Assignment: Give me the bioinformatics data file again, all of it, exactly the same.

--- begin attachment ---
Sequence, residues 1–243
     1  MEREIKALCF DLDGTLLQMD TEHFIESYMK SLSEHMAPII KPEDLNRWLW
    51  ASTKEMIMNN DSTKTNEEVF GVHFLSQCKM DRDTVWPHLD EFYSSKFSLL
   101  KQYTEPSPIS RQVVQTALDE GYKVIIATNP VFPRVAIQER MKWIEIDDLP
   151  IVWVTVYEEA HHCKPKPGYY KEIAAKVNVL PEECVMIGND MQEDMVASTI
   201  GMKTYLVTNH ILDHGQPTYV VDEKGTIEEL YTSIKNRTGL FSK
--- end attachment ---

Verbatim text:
Sequence, residues 1–243
     1  MEREIKALCF DLDGTLLQMD TEHFIESYMK SLSEHMAPII KPEDLNRWLW
    51  ASTKEMIMNN DSTKTNEEVF GVHFLSQCKM DRDTVWPHLD EFYSSKFSLL
   101  KQYTEPSPIS RQVVQTALDE GYKVIIATNP VFPRVAIQER MKWIEIDDLP
   151  IVWVTVYEEA HHCKPKPGYY KEIAAKVNVL PEECVMIGND MQEDMVASTI
   201  GMKTYLVTNH ILDHGQPTYV VDEKGTIEEL YTSIKNRTGL FSK